heirs. Clearly, only parties to the
Agreement are bound by the
Agreement and its arbitration clause
as they are the only signatories
thereto. Daniel Collins and Luis
Hidalgo, and SFI, not parties to the
Agreement and cannot even be
considered assigns or heirs of the
parties, are not bound by the
Agreement and the arbitration clause
therein. Consequently, referral to
arbitration in the State of California
pursuant to the arbitration clause and
the suspension of the proceedings in
Civil Case No. 2637-MN pending the
return of the arbitral award could be
called for but only as to DMC-USA and
Paul E. Derby, Jr., and MMI and Lily Sy,
and not as to the other parties in this

In Toyota Motor Philippines Corp. v.

Court of Appeals, the Court ruled that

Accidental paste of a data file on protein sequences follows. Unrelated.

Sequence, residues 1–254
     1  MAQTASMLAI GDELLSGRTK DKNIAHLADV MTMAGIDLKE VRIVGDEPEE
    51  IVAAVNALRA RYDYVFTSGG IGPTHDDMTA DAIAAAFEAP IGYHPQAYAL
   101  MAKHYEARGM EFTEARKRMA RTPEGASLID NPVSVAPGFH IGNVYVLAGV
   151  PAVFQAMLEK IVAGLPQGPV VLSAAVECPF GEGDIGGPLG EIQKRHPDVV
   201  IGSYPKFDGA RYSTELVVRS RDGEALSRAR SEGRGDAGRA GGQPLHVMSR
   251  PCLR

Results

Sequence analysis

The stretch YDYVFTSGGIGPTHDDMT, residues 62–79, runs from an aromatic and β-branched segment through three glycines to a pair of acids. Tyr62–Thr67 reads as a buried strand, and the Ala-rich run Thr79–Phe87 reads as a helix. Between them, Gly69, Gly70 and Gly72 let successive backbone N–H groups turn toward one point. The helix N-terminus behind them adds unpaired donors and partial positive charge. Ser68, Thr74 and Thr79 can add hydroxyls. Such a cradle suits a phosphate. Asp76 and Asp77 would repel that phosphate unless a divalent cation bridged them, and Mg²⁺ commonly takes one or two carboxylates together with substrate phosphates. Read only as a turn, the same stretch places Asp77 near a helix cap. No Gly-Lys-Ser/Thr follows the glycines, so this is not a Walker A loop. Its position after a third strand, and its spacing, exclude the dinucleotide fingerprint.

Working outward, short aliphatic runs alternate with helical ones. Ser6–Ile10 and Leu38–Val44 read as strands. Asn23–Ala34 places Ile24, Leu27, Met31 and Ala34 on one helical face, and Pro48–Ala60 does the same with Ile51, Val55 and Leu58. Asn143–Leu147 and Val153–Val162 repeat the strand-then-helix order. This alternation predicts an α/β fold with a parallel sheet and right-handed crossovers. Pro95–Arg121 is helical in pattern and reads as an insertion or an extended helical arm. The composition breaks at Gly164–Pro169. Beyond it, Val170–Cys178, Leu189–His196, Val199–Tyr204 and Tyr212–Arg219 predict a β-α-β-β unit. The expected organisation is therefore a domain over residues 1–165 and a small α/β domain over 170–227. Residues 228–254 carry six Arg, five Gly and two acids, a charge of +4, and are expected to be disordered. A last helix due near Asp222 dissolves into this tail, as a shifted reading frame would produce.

"the contention that the arbitration
clause has become dysfunctional
because of the presence of third
parties is untenable ratiocinating that
"contracts are respected as the law
between the contracting parties" and
that "as such, the parties are thereby
expected to abide with good faith in
their contractual commitments."
However, in Heirs of Augusto L. Salas,
Jr. v. Laperal Realty Corporation, only
parties to the Agreement, their assigns
or heirs have the right to arbitrate or
could be compelled to arbitrate. The
Court went further by declaring that in
recognizing the right of the
contracting parties to arbitrate or to
compel arbitration, the splitting of the
proceedings to arbitration as to some
of the parties on one hand and trial for
the others on the other hand, or the
suspension of trial pending arbitration
between some of the parties, should
not be allowed as it would, in effect,
result in multiplicity of suits,
duplicitous procedure and
unnecessary delay.
Chavez v. CA
453 SCRA 483
Facts: Teodoro Chavez and Jacinto
Trillana entered into a contract of
lease whereby the former leased to
the latter his fishpond at Bulacan, for a
term of six (6) years commencing from
October 23, 1994 to October 23, 2000.